I often ask others engineers to describe to me what “good code” looks like. It’s also a pretty good interview question, as it gives the interviewer an idea of the types of things the candidate finds valuable in their work. In a way, it’s a measure of their coding craftsmanship — what they hold up as core tenets and how they will code review others on your team.

In their response, they will likely bring up the notion of “clean code” or “code that’s easy to read”. This is where I like to challenge them:

“What does clean code actually mean? What makes code easy to read?”


This week I got to sit down with Robby Russell on the Maintainable Podcast to chat about technical debt: what it is, how to avoid it, and how to get rid of it when you’re already knee deep in it. I feel that there were a few ideas I didn’t say very elegantly (doing a live podcast is hard!), so I thought I’d do a follow up post to clarify. If you haven’t had a chance to listen to the episode yet, I recommend you do that first before continuing to read.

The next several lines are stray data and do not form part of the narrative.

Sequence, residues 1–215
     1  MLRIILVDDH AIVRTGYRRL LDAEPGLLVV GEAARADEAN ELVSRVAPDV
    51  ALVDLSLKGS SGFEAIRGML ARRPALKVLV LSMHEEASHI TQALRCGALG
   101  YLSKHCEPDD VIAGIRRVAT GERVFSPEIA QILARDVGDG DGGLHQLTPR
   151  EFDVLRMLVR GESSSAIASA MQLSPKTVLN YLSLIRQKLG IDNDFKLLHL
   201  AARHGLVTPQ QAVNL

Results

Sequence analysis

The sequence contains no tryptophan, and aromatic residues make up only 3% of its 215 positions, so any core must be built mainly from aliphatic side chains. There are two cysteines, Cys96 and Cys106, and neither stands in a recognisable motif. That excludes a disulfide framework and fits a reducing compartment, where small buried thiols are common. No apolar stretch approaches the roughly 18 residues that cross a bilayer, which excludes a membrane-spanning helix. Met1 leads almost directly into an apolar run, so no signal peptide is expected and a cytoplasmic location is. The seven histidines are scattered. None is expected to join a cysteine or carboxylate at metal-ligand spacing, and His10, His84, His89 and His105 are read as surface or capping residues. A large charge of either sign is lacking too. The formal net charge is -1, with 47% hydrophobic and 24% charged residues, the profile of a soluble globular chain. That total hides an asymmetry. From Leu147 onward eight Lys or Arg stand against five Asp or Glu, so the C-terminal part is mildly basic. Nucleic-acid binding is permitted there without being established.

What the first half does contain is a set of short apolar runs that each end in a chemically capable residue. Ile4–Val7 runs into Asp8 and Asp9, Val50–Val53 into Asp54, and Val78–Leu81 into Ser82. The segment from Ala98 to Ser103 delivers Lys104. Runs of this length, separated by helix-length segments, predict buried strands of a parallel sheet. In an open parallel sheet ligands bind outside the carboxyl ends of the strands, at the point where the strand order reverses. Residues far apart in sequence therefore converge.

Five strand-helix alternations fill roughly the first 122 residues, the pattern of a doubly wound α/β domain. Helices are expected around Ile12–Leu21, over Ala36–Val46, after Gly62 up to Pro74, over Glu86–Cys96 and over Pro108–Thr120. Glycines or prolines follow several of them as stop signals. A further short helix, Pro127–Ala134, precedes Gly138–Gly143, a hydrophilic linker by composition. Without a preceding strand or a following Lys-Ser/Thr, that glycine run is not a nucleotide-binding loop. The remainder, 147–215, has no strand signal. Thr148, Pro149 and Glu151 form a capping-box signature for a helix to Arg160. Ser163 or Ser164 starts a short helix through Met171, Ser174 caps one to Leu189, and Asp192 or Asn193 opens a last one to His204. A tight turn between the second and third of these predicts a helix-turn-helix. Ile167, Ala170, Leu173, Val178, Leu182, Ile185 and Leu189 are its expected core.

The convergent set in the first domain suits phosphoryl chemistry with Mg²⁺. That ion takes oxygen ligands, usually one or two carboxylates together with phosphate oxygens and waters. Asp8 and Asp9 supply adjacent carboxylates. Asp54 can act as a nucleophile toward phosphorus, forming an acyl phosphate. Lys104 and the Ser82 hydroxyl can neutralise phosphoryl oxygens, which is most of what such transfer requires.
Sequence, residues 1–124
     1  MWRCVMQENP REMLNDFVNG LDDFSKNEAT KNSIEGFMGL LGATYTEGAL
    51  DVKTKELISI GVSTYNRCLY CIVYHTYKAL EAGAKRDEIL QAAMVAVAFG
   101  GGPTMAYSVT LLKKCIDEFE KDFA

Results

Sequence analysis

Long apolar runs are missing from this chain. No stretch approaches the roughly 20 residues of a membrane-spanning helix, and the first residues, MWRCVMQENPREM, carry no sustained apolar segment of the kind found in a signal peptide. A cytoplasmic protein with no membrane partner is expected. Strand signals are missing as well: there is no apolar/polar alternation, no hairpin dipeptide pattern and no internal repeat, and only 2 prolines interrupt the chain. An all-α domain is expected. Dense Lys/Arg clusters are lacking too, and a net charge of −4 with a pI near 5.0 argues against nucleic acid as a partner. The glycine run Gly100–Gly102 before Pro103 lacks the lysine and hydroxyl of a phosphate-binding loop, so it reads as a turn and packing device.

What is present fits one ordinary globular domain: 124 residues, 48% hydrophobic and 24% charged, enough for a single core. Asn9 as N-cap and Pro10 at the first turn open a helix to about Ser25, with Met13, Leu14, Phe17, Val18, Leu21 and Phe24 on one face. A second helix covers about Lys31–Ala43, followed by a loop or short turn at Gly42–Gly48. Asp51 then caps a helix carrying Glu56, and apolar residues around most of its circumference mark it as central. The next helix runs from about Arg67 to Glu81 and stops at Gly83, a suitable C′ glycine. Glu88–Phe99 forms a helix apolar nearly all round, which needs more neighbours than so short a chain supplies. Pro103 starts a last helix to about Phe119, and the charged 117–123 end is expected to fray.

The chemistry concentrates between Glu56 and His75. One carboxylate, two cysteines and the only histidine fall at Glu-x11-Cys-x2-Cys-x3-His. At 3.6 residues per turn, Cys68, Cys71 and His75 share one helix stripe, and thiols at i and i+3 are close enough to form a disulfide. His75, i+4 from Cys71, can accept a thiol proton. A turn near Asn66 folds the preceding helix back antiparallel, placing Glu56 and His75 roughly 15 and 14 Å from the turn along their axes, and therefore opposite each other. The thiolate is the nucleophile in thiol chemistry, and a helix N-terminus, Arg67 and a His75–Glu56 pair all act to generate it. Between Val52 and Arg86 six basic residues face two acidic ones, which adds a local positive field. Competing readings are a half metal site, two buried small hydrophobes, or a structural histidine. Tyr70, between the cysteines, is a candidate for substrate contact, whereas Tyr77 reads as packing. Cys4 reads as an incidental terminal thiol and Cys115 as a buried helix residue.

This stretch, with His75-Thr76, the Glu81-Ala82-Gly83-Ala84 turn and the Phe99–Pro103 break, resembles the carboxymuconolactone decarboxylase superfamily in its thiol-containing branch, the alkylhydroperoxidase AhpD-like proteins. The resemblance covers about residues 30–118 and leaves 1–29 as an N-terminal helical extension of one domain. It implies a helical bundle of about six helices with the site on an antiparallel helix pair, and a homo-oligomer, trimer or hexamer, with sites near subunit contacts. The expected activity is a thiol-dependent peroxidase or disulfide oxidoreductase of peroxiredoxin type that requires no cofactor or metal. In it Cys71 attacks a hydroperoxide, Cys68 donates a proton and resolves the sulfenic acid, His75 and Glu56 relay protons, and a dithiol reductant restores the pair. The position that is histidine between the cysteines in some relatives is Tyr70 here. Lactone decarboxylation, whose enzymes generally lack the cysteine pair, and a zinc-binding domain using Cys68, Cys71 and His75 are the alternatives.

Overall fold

What is technical debt?

First, let’s define our terms. When it comes to “tech debt”, it seems there is disagreement in the community as to what that actually entails. Is really old code considered “tech debt” if it’s fully functional, bug free and has excellent test coverage? What if the original author is no longer around? What if it’s got terrible documentation? …


When interviewing developers, one of my favorite questions to ask is:

What is the worst bug you’ve ever encountered?

As an interviewer, I’m looking to get a glimpse into what types of issues this person finds challenging and what they remember as a lesson to take with them into their future. It‘s a good question because it forces the interviewee to tell a story (so you can evaluate their communication skills) and you get a good glimpse into what their debugging process looks like. …

About

Ev Haus

Head of Technology at zenhub.com, Founder/CEO at globexdesigns.com, Owner of Magna eSports, Musician, Libertarian, Human

Get the Medium app

A button that says 'Download on the App Store', and if clicked it will lead you to the iOS App store
A button that says 'Get it on, Google Play', and if clicked it will lead you to the Google Play store